20 minutes from the future

The quantum compunting explained by who does it

15 May 2020 | Written by La redazione

New episode of 20 minutes from the future, this time with Davide Venturelli, Associate director at Quantum Computing in the USRA and Senior scientist at the NASA Ames Research Center to discover quantum computing

We hear about quantum computers more and more often: these devices promise to revolutionize the world of information technology and yet trying to understand in detail what they are and how they often work results in a great headache as the only result. To try to see ourselves more clearly, we asked an expert, Davide Venturelli Associate director at Quantum Computing in the USRA and Senior scientist at the NASA Ames Research Center, hosted by Andrea Dusi. president of Impactscool, in our live streaming format “20 minutes from the future”.


What is quantum computing. The first question is probably the one we all wanted to ask, what is quantum computing, or computation made with a quantum calculator: “it is humanity’s attempt to exploit the laws of nature that we have discovered at the level fundamental – explained Venturelli – those that regulate the interactions of elementary particles or chemical reactions in order to make information processing. It is the discipline that has gone to look in the most introspective and precise way as physics interfaces with the concept of information and (the researchers) have built the idea of ​​being able to control matter, light and physical effects to such a level to be used to perform arithmetic and logical operations and create algorithms. So quantum computers are these programmable experiments to solve mathematical problems. It turned out that if one is able to use the same effects that are used by molecules and atoms to create the world we know to do mathematical operations we can achieve theoretical performance that we would not be able to achieve in any other way “.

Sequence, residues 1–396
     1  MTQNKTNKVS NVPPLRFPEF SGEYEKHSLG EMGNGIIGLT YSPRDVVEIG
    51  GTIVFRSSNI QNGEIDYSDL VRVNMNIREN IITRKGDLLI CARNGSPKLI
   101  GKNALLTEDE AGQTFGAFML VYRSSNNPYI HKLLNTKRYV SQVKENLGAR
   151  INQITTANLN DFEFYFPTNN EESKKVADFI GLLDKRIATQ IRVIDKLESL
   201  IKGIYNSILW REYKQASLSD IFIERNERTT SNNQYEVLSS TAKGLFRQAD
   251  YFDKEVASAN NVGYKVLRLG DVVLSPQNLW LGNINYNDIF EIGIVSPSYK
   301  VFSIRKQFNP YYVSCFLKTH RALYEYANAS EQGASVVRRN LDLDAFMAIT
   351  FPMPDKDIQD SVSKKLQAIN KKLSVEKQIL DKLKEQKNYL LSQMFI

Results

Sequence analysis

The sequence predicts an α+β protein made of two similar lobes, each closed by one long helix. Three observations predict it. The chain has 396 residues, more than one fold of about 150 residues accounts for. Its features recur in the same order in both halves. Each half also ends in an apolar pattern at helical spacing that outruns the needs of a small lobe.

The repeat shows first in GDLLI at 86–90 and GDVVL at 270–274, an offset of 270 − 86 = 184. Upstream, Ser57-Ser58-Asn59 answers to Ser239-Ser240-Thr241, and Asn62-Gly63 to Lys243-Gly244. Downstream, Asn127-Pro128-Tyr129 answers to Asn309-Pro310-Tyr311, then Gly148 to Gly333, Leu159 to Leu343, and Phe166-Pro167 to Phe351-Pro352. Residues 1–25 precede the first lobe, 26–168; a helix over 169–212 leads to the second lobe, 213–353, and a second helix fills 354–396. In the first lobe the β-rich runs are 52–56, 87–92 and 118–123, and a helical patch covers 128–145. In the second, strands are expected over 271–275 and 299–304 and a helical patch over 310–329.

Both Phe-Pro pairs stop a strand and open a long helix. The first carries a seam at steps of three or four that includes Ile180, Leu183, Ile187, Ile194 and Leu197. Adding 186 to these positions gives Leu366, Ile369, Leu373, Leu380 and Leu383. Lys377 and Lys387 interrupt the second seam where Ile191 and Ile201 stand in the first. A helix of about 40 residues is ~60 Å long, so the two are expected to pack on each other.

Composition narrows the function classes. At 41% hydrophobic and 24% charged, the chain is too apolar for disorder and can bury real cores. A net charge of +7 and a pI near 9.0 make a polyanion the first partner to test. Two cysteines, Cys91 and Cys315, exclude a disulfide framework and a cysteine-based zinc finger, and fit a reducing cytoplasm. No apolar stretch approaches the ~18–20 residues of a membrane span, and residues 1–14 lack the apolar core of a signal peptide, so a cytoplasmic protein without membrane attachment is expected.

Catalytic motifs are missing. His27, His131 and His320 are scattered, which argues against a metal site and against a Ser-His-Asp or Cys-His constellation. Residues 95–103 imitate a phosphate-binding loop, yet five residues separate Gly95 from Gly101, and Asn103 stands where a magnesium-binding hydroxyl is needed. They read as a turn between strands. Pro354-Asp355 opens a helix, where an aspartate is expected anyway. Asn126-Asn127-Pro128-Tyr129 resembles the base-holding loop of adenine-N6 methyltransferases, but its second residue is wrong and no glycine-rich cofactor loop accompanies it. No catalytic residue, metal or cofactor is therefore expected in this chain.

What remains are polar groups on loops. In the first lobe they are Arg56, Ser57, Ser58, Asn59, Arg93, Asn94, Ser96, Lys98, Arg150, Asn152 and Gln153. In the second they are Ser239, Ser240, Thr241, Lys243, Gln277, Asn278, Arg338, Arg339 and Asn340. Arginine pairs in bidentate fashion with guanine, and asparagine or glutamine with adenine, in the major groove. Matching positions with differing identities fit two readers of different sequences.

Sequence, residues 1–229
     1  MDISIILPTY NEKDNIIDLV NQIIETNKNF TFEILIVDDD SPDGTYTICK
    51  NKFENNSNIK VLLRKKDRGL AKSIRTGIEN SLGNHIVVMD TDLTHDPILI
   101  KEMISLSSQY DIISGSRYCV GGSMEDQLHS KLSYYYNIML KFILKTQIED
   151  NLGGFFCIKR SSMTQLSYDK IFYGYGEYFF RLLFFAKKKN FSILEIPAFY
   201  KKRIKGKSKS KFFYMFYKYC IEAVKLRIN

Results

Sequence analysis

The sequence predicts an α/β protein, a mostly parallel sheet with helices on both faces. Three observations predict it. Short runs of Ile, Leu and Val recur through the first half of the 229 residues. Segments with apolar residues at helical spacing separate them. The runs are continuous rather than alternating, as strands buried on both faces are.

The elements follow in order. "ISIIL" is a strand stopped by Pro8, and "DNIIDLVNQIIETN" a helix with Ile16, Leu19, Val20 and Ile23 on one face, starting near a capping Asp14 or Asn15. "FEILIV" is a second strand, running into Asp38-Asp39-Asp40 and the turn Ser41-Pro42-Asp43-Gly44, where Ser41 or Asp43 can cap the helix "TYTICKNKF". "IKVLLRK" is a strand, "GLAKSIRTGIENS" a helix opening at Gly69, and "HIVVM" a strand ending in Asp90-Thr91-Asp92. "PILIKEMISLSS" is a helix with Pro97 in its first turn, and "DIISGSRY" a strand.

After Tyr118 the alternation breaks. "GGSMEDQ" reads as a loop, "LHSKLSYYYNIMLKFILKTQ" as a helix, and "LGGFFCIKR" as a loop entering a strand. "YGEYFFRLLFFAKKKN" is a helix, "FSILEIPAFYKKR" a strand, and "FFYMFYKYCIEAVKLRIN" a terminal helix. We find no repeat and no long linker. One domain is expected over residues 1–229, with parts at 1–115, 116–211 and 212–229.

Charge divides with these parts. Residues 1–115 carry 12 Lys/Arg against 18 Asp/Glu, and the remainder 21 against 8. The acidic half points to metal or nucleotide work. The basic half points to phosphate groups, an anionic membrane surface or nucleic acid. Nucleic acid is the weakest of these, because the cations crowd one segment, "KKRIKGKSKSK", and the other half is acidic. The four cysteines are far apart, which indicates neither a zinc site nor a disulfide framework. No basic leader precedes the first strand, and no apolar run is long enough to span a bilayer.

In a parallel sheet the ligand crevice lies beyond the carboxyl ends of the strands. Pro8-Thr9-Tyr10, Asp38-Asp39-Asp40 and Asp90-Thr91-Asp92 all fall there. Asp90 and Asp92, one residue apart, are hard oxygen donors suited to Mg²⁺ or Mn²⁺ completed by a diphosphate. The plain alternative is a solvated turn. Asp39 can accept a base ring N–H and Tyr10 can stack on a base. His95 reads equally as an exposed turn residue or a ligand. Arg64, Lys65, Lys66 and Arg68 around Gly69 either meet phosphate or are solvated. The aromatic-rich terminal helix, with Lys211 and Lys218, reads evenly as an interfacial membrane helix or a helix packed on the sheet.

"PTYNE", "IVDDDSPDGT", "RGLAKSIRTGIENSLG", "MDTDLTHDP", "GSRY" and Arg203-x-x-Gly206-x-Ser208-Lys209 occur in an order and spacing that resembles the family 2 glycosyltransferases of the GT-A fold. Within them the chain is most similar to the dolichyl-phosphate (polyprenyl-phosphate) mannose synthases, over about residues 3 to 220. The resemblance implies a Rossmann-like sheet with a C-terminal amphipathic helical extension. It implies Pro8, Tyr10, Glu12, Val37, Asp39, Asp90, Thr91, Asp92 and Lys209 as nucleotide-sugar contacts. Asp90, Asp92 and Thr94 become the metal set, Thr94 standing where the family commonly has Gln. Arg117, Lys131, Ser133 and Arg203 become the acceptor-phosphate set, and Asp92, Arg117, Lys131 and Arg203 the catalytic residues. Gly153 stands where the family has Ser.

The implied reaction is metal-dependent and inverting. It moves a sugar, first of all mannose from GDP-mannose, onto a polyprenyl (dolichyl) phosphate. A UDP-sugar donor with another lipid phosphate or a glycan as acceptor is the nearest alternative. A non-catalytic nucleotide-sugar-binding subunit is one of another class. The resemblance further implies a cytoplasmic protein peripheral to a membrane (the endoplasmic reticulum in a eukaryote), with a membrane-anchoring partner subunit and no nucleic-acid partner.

A lifestyle choice driven by passion. This is clearly an incredibly complex topic, and a strong passion is needed to study it: “I have always been fascinated by physics […], the emotion that most exalts me is surprise. Physics immediately gave me this emotion, when you read and discover the mental and intellectual adventures of these people who had to understand effects and mysteries that then led us to the knowledge we have today of the universe is a beautiful story. Quantum computing was also a choice linked to my passion for information technology and cybersecurity, so I got there in an organic way but it is physics that exalts me.


The impacts. As we mentioned at the beginning of the article, quantum computers are a great promise, they could have disruptive impacts in many sectors, but this will be a gradual change: “it is not one of those things that changes people’s lives from day to night directly – commented Venturelli -, we are trying to build devices and strategies that allow the resolution of problems that are generally considered intractable. There is another thing that exalts everyone in quantum computing: […] if one looks at how one builds a battery for example, in reality there is a lot of numerical simulation behind it before trying to join the stills that build the compound perfect that gives the best performance. People hope that with a quantum computer, engineers have a new tool to go numerically to investigate things that are now being experimentally done, there is an acceleration that is potentially exponential of everything that requires a simulation of quantum mechanics. This can impact a lot of things that interest us, batteries, renewables, climate change, we can imagine building molecules, materials, or understanding natural phenomena that we would never have understood if we didn’t have this thing available “.

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